DOE undertook its own review process to confirm the EPC agreement price was appropriate before it agreed to provide a loan guarantee:4
DOE took multiple steps to assess First Solar's total EPC price. . . . DOE conducted its own due diligence and determined that there was a reasonable assumption that, based on the proposed total EPC . . . price, the loan would be repaid. It did so by comparing the proposed total EPC . . . price to other projects in its internal databases. DOE then engaged in interagency discussions with Treasury, which was concerned that the proposed total EPC . . . price was too high in comparison to several other projects. Specifically, in June 2011 — before the more than $400 million reduction from First Solar's proposed total EPC . . . price and before the [project] was built with a 740.7/MWdc generating capacity — the total EPC Agreement price was proposed by First Solar at $2.97/Wdc (including labor adjustments), and Treasury indicated that a comparable EPC agreement price would be $2.80/Wdc without labor adjustments and $2.92/Wdc with labor adjustments. To assuage Treasury's concerns, DOE consulted numerous experts for their assessment of the proposed total EPC . . . price.
. . . [DOE] coordinated with the National Renewable Energy Laboratory (NREL), one of the seventeen national labs within DOE, to conduct its review using the NREL's solar PV cost estimating tool—bottom-up cost modeling. . . . Upon completion of the . . . NREL review, the [DOE program manager], issued a memorandum to the Loan Program Office that concluded that First Solar's proposed total EPC . . . price is ''below the current estimated average total project cost for comparable projects and [is] within a reasonable range of the expected system price, as estimated using NREL's internal solar PV cost estimating tool'' (citations to transcripts and pleadings omitted).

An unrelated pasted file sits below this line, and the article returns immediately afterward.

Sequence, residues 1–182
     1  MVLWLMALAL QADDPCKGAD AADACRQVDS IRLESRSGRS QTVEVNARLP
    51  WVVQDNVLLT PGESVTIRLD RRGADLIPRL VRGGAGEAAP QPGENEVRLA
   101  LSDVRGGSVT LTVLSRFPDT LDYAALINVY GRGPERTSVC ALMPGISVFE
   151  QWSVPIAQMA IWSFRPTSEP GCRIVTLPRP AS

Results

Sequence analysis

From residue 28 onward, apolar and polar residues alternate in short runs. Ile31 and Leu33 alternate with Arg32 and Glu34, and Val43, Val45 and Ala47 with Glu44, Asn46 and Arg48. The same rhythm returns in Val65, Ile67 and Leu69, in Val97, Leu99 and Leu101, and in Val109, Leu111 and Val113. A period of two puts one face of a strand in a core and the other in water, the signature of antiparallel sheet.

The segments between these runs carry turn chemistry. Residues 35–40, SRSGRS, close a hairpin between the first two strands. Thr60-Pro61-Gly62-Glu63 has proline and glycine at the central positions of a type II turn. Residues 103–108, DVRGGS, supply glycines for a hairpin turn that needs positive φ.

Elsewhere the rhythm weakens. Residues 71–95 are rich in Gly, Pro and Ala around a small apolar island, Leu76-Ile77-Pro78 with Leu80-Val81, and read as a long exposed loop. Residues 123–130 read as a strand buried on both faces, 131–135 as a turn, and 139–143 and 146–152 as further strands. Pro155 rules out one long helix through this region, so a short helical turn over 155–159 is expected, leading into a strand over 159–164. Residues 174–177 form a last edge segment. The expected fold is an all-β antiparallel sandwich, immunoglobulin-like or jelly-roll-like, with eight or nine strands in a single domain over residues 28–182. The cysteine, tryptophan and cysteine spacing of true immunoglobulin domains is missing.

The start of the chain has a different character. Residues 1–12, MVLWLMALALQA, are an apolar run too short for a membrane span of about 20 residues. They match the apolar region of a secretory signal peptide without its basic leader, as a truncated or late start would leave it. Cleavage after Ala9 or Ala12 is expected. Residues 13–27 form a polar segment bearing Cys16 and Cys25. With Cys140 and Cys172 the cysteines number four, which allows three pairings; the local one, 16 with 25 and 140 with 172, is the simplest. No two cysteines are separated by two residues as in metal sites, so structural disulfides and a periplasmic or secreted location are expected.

In effect, the DOE in the process of underwriting the loan guaranty for the Desert Sunlight project analyzed and confirmed the EPC agreement's pricing was not above market. The court did not have to rule on the merits of DOJ's assertion because the court's opinion only addresses a motion for summary judgment, which is only to be granted when there is no dispute regarding material facts. The court wrote that it ''is a matter for determination at trial.
DOJ'S legal contentions
First, DOJ contended that the LLCs could not challenge the 1603 award because they did not submit to Treasury an IRS Form 8594, Asset Acquisition Statement Under Section 1060, with a §10605 purchase price allocation. The judge rejected this, somewhat absurd contention, by noting that if a Form 8594 was required that the Treasury should have requested it before paying anything and that there were numerous document requests from the Treasury and none of them mentioned an IRS Form 8594.
The Federal Circuit in Alta Wind6 held that a new renewable energy project was subject to the purchase price allocation process provided for in IRS Form 8594. That process allocates the purchase price to one of seven ''classes:''7